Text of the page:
Daddy-Daughter dance returns

Margaret Hurt
Special to The Black Mountain News

A favorite activity of the year for one father is getting to take his teenage daughter to the annual Daddy Daughter Dance.  Jason Burk has been attending the dance with his teenage daughter Laila for many years.

"I love the Daddy Daughter dance even more now that my daughter is a teenager because my time with her is precious," Burk said. He encourages people to get tickets and come see the really tall guy (himself) do the limbo contest.

The Daddy Daughter Dance, a popular event at Owen High School ever year, returns for the eighth year.

Girls in the valley can be thinking about dressing and fixing up for a fun night out with dad. A highlight of the year for many, the annual Daddy Daughter Dance takes place from 6-9 p.m. Saturday, May 6 at Owen High School.  The school's Key Club, a youth extension of the local Kiwanis Club, hosts this year's event for the 11th year.

The  "Dance Like an Egyptian"-themed event hopes to draw a large crowd of girls from second grade on, accompanied by dad or any other father-type figure. The event includes a catered dinner for guests, along with music and dancing.

"We love when any uncles, grandfathers, or any other father-type figures bring their girl to the dance," said Jackie Dirscherl, the Key Club staff liaison.

Dance tickets may be purchased at the Black Mountain-Swannanoa Chamber of Commerce and will be available until May 2 on a first-come basis. Cost is $30 for a pair, and $10 for each additional girl in your party. With limited tickets, those interested are encouraged to get tickets soon.  Many girls enjoy wearing semi-formal attire, however there is no expected dress.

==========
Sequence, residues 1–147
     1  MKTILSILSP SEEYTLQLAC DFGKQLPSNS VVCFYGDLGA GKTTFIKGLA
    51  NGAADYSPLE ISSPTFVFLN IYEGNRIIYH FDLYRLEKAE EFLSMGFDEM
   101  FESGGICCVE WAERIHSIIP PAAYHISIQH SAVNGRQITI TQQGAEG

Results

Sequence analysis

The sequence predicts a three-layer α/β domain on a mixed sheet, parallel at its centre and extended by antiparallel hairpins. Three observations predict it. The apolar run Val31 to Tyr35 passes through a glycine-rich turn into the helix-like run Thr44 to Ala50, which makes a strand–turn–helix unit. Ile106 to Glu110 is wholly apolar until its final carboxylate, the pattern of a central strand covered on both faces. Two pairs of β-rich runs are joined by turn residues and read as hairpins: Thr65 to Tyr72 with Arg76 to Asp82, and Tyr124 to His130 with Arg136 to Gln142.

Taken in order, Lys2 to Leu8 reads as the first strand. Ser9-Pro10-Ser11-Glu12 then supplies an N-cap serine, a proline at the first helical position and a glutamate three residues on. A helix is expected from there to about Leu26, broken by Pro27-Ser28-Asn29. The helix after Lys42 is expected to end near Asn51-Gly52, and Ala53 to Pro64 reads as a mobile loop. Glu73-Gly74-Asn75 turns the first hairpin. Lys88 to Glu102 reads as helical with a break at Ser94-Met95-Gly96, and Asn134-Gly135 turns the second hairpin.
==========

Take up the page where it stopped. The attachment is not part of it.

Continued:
Dirscherl said the dance serves as an important opportunity for Owen High to welcome the community inside the school's doors. The club is pleased to offer an event that helps family members nurture important relationships, she said.

The idea of the Daddy Daughter Dance came from former Owen High teacher and Key Club staff liaison Martha Griffin who was part of a Florida school that also held the dance. The response in the Swannanoa Valley has been so positive that the dance has continued year after year.  

Throughout the year, the Key Club engages in service projects at the school and around the community.